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Data Sheet—Thursday, March 24, 2016

Thursday morning Fortune announces its annual list of the world’s greatest leaders. At the top is Jeff Bezos, CEO of Amazon, of course, but also the owner of The Washington Post and sole financier of the rocketship company Blue Origin.

I wrote the magazine feature story on Bezos, and he granted Fortune rare access to all aspects of his business life. I spent an illuminating afternoon at The Washington Post, an institution that had been beaten down like much of the rest of the journalism industry and now has something of a spring in its step. I interviewed the top editorial, technical, and business leader there; each element is important in understanding the Post’s story under Bezos, who is passionate about the Post though uninvolved in its journalism.

At Blue Origin, in Kent, Wash., I encountered a surreal scene. The lobby has all sorts of space-nerd models and real artifacts from space missions. Inside the cavernous manufacturing floors I saw spaceships and rocket engines under construction. The company has been at it for 16 years, and now it is finally building a new world.

Then of course there is Amazon itself, the source of Bezos’s vast wealth—$46 billion at last count—and a hotbed of innovation. Amazon has so many things going at once that no man could possibly manage it all. In fact, Bezos delegates heavily and dives deeply into a handful of projects. Currently these include aspects of apparel, Amazon Web Services, and the company’s next-generation fulfillment centers.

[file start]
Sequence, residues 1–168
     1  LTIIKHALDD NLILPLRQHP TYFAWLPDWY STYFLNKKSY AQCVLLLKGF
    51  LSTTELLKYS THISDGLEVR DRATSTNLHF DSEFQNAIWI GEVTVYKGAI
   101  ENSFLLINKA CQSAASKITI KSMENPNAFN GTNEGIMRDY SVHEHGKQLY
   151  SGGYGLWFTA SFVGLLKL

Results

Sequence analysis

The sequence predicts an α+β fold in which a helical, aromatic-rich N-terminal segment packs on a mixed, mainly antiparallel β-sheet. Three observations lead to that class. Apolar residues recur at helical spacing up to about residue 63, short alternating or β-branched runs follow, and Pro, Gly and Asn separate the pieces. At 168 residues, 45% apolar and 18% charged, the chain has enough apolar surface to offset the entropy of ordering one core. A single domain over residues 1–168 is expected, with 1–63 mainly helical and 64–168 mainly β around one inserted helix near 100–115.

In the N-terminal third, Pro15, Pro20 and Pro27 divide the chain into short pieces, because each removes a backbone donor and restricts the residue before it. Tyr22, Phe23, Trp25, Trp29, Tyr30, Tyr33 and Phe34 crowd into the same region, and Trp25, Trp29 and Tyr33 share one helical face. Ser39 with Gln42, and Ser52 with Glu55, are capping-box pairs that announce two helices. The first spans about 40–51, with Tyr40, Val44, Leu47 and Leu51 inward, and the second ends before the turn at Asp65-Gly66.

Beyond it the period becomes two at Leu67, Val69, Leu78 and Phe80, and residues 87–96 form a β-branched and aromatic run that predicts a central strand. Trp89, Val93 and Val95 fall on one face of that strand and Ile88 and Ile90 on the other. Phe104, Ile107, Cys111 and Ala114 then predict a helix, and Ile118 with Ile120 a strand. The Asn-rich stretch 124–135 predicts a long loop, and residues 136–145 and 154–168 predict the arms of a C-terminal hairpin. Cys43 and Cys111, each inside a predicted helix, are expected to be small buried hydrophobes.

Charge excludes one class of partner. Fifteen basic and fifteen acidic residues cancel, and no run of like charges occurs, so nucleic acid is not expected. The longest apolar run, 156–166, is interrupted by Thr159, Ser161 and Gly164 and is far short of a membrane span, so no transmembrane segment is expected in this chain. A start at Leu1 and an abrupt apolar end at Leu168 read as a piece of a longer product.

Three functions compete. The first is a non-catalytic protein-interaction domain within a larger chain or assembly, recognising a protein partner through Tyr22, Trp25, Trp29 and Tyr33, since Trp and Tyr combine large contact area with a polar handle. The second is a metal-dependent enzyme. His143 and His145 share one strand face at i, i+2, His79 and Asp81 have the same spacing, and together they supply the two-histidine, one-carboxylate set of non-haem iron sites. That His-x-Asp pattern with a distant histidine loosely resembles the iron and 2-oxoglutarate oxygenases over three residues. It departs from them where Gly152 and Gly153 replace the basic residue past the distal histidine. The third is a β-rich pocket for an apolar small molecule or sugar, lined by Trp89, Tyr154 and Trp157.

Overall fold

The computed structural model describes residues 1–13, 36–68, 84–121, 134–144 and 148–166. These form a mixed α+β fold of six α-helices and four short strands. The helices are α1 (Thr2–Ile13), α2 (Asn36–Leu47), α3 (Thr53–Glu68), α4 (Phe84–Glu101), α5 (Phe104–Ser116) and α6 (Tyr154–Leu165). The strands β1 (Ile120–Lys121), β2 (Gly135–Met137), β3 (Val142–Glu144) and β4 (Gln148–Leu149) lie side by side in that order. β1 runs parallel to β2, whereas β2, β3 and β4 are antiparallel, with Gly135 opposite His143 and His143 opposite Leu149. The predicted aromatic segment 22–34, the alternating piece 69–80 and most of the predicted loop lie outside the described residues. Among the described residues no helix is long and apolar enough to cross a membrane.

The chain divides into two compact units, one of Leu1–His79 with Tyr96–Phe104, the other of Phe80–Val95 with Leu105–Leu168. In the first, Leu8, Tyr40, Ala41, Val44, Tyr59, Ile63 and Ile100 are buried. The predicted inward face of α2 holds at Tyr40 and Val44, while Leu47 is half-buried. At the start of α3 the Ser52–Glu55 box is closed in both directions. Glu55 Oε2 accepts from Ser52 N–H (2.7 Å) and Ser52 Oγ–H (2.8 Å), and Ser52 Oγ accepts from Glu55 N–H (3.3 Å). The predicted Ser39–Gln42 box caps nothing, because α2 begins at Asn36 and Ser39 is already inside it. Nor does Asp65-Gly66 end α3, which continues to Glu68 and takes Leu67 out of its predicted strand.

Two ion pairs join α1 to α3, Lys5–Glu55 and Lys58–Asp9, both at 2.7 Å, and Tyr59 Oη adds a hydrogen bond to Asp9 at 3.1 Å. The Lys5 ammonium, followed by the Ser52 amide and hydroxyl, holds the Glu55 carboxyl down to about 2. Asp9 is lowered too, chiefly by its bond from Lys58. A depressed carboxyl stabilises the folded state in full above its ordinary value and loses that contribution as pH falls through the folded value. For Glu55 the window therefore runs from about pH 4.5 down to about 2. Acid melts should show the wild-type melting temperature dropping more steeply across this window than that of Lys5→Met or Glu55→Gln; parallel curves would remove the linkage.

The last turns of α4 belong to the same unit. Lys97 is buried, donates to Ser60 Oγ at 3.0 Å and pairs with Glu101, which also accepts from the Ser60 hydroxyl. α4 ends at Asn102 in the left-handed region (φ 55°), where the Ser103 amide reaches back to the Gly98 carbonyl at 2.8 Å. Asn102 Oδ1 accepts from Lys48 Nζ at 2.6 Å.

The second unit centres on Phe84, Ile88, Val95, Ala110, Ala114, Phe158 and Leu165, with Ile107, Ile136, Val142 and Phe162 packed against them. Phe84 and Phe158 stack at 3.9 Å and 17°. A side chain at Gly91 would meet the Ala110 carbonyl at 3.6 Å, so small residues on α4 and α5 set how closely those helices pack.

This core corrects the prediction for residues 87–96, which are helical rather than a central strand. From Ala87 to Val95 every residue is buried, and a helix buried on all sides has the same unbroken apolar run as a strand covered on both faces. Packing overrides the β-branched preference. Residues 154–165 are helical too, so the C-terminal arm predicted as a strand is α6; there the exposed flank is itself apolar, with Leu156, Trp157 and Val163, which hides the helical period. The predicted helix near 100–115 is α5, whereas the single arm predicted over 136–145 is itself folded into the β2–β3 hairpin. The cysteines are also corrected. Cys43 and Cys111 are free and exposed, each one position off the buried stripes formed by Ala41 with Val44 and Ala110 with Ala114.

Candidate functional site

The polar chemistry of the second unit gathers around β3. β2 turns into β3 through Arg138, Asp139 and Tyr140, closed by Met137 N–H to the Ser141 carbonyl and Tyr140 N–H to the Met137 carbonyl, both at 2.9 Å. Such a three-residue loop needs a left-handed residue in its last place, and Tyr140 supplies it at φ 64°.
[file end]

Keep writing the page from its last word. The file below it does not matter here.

Bezos is evolving, as is Amazon. This week the company hosted a conference at a swank hotel in Palm Springs, Calif., geared toward robotics and machine-learning experts. In Seattle a couple weeks ago I asked Bezos if the company was becoming less frugal, a hallmark of its corporate culture. “Some things are so hard to measure that you have to just take them as articles of faith,” he said. If he were a politician that might read as a flip-flop or a rationalization. In a business leader such thinking is called an evolution.

Adam Lashinsky

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Activist investor wants to replace Yahoo’s entire board. Starboard Value, which owns about 1.7% of the Internet company’s stock, will nominate nine new directors, reports The Wall Street Journal. The hedge fund is pushing for a sale of the business, sooner rather than later. CEO Marissa Mayer wants more time to turn things around. A showdown could come in June at Yahoo’s annual shareholder meeting. (Wall Street Journal)

Apple plans pre-holiday push for mobile payments service. As part of a big expansion for Apple Pay, the service should work on mobile e-commerce sites later this year, reports Re/code. Right now, the service works only within mobile apps, allowing consumers to pay for goods without taking out their credit card. This plan would dramatically expand its sphere of influence. (Re/code)

Square now allows merchants to buy Facebook ads. As part of a new relationship, businesses that use Square’s marketing software can place ads directly instead of relying on a third-party service. The big potential benefit is they can more closely track the impact of those advertisements on their sales. (Fortune)